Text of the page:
Plants such as marijuana (Cannabis) and kratom (Mitragena speciosa) contain compounds that affect the human brain. Why have these plants evolved to incorporate substances like THC and mitragynine into their leaves/flowers?


1 Answer 1


The evolutionary history of different plants expressing psychoactive compounds can vary, and in many cases it's difficult if not impossible to pinpoint a particular origin. However, we can make some general observations:

Homology across wide ranges of species

Despite the differences between, say, a human versus a locust, animals share a lot of their physiology. Mammals and insects tend to use different neurotransmitters for different purposes, for example, but the actual neurotransmitters and their receptors are often homologous. A plant could therefore develop a compound that acts as a neurotoxin in certain insects, but also has some psychoactive effects in a human. Nicotine is an example of a psychoactive compound that has insecticidal effects: not only does nicotine protect a tobacco plant, but humans have even used nicotine as an insecticide. Plants could of course also develop toxins to protect them from other mammals, and those would be even more likely to have effects in humans.

There is even homology across kingdoms, such that plants could make compounds to prevent growth of competing plants, act as antibiotics/antifungals, etc, and all have a possibility to act on some homologous proteins that humans have.

Artificial selection

Once humans are aware of a plant's psychoactive or other medicinal properties, that plant can be cultivated and selected for desirable properties. In the case of a compound like THC, there is good evidence that this has occurred recently. In the case of plants that produce opiate compounds, many have been cultivated by humans for thousands of years, so they are a lot more prevalent than they would be if humans had not chosen to do so.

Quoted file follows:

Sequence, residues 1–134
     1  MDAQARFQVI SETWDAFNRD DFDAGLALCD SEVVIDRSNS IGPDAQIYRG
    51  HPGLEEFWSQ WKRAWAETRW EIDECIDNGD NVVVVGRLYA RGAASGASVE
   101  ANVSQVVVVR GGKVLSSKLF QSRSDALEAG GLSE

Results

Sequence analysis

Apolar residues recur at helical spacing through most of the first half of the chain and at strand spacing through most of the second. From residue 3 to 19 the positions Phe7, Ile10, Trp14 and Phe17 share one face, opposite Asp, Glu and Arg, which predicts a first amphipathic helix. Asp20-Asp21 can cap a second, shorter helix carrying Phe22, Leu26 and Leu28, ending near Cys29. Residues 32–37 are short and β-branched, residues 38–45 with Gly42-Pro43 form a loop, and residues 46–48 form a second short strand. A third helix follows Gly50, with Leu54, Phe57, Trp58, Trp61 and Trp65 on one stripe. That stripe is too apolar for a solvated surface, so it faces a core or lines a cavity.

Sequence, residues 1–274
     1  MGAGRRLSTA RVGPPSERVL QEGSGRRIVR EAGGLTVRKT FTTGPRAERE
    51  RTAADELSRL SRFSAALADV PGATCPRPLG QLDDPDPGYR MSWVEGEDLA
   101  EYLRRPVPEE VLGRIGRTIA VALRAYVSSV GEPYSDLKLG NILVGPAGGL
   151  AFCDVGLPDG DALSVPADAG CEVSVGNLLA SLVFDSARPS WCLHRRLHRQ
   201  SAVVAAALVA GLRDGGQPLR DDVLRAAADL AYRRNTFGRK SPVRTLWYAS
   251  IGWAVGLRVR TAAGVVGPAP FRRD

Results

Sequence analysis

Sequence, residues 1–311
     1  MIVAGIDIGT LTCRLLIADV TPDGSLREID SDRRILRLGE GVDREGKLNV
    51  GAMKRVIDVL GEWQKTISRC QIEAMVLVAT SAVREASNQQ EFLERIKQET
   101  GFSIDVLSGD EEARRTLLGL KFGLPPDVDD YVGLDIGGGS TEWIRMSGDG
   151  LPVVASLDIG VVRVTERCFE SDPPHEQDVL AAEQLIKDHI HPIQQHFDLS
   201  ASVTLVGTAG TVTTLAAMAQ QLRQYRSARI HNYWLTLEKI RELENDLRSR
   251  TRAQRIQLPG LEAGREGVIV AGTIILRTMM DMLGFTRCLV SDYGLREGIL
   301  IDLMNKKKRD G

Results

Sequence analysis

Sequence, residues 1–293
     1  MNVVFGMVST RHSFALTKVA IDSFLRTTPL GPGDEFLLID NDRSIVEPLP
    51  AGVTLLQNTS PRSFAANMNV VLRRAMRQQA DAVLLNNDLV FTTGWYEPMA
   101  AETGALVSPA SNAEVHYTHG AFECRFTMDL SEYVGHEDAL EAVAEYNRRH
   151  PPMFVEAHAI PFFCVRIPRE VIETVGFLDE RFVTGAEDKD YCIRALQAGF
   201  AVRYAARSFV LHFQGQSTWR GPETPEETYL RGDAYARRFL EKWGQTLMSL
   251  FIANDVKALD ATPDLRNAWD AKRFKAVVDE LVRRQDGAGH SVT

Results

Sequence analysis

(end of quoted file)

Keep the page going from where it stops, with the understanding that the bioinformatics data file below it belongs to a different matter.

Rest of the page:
Selection bias

Maybe I should have opened with this one, because I think it's very very important to be aware of. I'm not talking about selection in evolutionary terms here, but in terms of cognitive biases. Selection bias happens when you focus on certain outcomes and not others. There are innumerable compounds produced by plants that can potentially have some biological activity in humans: thousands and thousands. Some do have psychoactive effects, others have effects on other body systems, and many have little effect at all besides dietary contributions. You notice all of the plants that do produce something "interesting" but ignore those that are benign or simply toxic.

  • $\begingroup$ WRT the last point, the function any particular compound performs in a plant might well have nothing at all to do with its psychoactive properties. $\endgroup$
    – jamesqf
    Commented Dec 13, 2017 at 19:39
  • $\begingroup$ Indeed, that was the point I was trying to make with my first point, maybe it was unclear. $\endgroup$
    – Bryan Krause
    Commented Dec 13, 2017 at 19:46

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